The cattle disease which arrived in New Zealand nearly five years ago has been reduced down to a single farm.
It comes after a world-first eradication campaign involving the culling of thousands of cattle, which MPI has described as one of its biggest-ever biosecurity responses. However the Minister for Biosecurity and Agriculture says he can’t rule out occasionally finding M. bovis elsewhere in the country.
The SMC asked experts to comment.
Fiona Doolan-Noble, Senior Research Fellow in Rural Health, University of Otago, comments:
“It is a real positive that Aotearoa has managed to eradicate this disease over the last five years. There is always a downside to these programmes and in this case, apart from the culling of thousands of healthy animals, the human cost has been significant. We are hopeful that recommendations we have made to the Minister and in our publications would help to mitigate the stress to farmers of incursion management.
“Chances of M. bovis returning are definitely a possibility as we have seen with Covid-19, however, there is much greater appreciation across the sector regarding biosecurity we would be hopeful that it would be easier to detect should it return and therefore contain and manage.
Regarding what needs to be done going forward to continue to keep the disease out of New Zealand – the research team I am a part of are not biosecurity experts – but one good thing to come out of reflections on way the outbreak was managed is that government has realised how important local knowledge (farmers and veterarians) is for detecting and managing disease.”
No conflict of interest.
Professor Richard Laven, Production Animal Health and Welfare, School of Veterinary Science, Massey University, comments:
“Undetected spread of bacteria already here is clearly a possibility as not all outbreaks have been definitively linked. However as most have been linked, it would seem to be unlikely. In regard to the disease returning from offshore: as we still do not know how it came in, it is difficult to determine the risk of it coming back. The evidence suggests that it came in via a very low risk pathway, so either our understanding of the risk of those pathways was (and is) wrong or we very unlucky.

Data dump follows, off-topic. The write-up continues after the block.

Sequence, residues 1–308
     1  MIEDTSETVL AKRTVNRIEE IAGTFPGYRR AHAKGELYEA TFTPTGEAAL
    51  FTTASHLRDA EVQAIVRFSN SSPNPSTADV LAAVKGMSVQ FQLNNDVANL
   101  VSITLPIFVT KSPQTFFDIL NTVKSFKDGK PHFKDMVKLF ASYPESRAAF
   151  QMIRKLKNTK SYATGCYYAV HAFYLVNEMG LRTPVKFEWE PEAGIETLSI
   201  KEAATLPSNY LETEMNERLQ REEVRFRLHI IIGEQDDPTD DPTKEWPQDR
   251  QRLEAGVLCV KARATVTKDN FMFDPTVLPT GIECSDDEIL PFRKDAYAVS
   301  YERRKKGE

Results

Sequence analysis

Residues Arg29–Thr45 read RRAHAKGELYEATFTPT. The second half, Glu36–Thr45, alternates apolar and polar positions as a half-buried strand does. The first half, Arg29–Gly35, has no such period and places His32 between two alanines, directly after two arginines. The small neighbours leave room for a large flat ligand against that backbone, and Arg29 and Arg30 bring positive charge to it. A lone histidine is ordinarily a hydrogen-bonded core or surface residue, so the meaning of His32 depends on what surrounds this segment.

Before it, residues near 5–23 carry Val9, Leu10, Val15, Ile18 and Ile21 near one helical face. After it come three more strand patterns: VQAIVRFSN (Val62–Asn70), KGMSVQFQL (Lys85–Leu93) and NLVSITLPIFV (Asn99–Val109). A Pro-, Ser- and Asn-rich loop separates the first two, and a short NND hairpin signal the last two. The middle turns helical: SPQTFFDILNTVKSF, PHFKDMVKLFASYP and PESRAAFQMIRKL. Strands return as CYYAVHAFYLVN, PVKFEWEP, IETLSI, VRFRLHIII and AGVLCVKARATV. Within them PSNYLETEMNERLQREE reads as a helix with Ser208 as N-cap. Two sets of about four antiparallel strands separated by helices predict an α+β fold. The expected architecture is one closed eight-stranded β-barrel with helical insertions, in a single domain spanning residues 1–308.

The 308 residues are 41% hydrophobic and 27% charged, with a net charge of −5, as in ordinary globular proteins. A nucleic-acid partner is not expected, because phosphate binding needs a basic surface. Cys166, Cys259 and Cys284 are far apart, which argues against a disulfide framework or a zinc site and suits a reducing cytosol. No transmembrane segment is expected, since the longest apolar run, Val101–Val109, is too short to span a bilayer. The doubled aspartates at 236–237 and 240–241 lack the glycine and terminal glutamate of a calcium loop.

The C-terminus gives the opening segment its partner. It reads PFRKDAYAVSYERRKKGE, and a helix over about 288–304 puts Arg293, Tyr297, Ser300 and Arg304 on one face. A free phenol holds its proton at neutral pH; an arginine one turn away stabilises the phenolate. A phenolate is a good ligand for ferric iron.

“The evidence from the outbreak shows that disease is very rare so if we want to keep out the bacteria, we cannot rely on identifying a disease outbreak (we were ‘lucky’ that diseases occurred early on in the spread). This means we will need to continue surveillance permanently – who will pay for that?
“In any future eradication programme, social science (working with people and approach) needs to be as important if not more so than veterinary science.
“There are other diseases present in livestock New Zealand where the economic return associated with elimination would be far higher than it will be for M. bovis. We should look at putting more effort into eliminating those diseases.”
No conflict of interest.
Dr Helen Beattie, Director, Veterinarians for Animal Welfare Aotearoa, comments:
“I am cautiously delighted to hear that provisional absence of M. bovis has been declared in Aotearoa. The M. bovis Response and then Eradication Programme has faced some enormous challenges along the way, not only due to the nature of the organism itself, but also due to a steep and sometimes bumpy response and then eradication journey.